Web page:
Section 41-22-12(f) gives permission to use "another method agreed upon by the parties in writing" and thus authorizes a state agency to use an informal settlement process, such as mediation, in resolving a contested case, provided: (1) use of such a process is not "precluded by statute" and (2) the parties agree to it in writing. The comments pertaining to this provision state that this "is consistent with Alabama's statutory requirement that the judiciary encourage informal settlement of disputes, section 6-6-1, as well as the intent of Ala. R. Civ. P., Rule 16 to discourage judicial proceedings if resolution may be reached in a more informal manner." ALA. CODE § 41-22-12 Commentary (1991). This Office has previously observed that "[s]ettling disputes without litigation is a good public policy. The importance of this policy is evidenced in the actions of the three branches of government — by the Legislature's inclusion in the APA of a process by which contested cases can be settled, see section 41-22-12(f) of the Code of Alabama, by the Governor's issuance of two executive orders encouraging state agencies to engage in dispute resolution measures where appropriate, and in the words of numerous decisions of the courts .... "Opinion to Honorable D. David Parsons, Acting Commissioner, Alabama Department of Insurance, dated May 10, 1999, A.G. No. 99-00201 at 2.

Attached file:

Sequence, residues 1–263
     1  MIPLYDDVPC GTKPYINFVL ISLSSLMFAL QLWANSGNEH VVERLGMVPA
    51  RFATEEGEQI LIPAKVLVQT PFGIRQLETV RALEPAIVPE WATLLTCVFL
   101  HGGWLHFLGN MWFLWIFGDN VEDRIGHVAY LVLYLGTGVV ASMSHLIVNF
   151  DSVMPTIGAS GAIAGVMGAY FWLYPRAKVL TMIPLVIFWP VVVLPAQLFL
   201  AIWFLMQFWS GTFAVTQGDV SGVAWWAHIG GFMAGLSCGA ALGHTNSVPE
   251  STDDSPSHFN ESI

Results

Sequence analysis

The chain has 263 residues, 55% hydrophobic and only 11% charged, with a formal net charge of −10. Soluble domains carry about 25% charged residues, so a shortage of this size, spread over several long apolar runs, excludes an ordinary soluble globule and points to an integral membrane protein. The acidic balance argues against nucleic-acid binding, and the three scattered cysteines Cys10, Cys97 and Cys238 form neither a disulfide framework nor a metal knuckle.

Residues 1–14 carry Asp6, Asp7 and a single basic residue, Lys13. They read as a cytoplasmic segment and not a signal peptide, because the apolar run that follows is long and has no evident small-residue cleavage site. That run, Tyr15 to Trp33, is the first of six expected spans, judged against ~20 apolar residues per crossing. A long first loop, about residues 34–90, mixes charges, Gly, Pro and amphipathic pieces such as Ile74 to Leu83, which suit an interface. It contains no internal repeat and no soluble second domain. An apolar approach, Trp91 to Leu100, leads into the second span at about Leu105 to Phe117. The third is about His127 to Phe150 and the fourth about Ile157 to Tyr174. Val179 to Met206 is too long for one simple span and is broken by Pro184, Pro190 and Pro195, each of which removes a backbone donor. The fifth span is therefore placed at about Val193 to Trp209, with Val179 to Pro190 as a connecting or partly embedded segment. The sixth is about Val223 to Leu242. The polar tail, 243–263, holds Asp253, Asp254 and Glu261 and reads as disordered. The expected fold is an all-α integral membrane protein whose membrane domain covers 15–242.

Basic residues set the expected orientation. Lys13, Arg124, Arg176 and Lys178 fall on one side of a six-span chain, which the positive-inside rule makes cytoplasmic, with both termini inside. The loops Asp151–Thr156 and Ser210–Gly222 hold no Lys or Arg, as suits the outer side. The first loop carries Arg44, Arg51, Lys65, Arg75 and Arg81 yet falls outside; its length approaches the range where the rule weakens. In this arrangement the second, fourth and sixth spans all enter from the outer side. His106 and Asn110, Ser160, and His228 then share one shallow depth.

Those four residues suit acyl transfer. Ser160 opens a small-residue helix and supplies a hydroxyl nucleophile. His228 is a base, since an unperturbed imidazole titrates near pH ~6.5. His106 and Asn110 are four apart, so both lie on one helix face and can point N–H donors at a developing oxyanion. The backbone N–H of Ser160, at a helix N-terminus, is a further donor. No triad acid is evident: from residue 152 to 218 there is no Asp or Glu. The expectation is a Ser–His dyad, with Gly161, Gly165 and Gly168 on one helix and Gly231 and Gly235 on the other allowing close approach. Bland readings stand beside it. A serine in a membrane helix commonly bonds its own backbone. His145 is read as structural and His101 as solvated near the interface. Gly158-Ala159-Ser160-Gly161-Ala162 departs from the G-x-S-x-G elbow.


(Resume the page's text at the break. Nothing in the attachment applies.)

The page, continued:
We note, however, that the permission contained in section 41-22-12(f) does not alter the requirements relating to the record which must be kept in contested cases. See ALA. CODE § 41-22-12(g), (h) (Supp. 1999). In addition, section 41-22-12(f) does not authorize a state agency to enter into a settlement or resolution that is confidential, unless otherwise authorized by law. See Alabama Open Records Act, ALA. CODE § 36-12-40 (1991). In Stone v. Consolidated Publishing Co., 404 So. 2d 678 (Ala. 1981), the Supreme Court of Alabama stated that "[r]ecorded information received by a public officer in confidence, sensitive personnel records, pending criminal investigations, and records the disclosure of which would be detrimental to the best interests of the public are some of the areas which may not be subject to public disclosure. Courts must balance the interest of the citizens in knowing what their public officers are doing in the discharge of public duties against the interest of the general public in having the business of government carried on efficiently and without undue interference." Id. at 68l. In a later decision, the Supreme Court also stated that "[t]here is a presumption in favor of public disclosure of public writings and records expressed in the language of § 36-12-40" and "[t]he exceptions set forth in Stone must be strictly construed." Chambers v. Birmingham News Co., 552 So. 2d 854, 856 (Ala. 1989); see also Opinion to Constance S. Aune, Mobile County Board of Education, dated October 4, 1995, A.G. No. 96-00003 (discussing section 36-12-40 and Stone exceptions).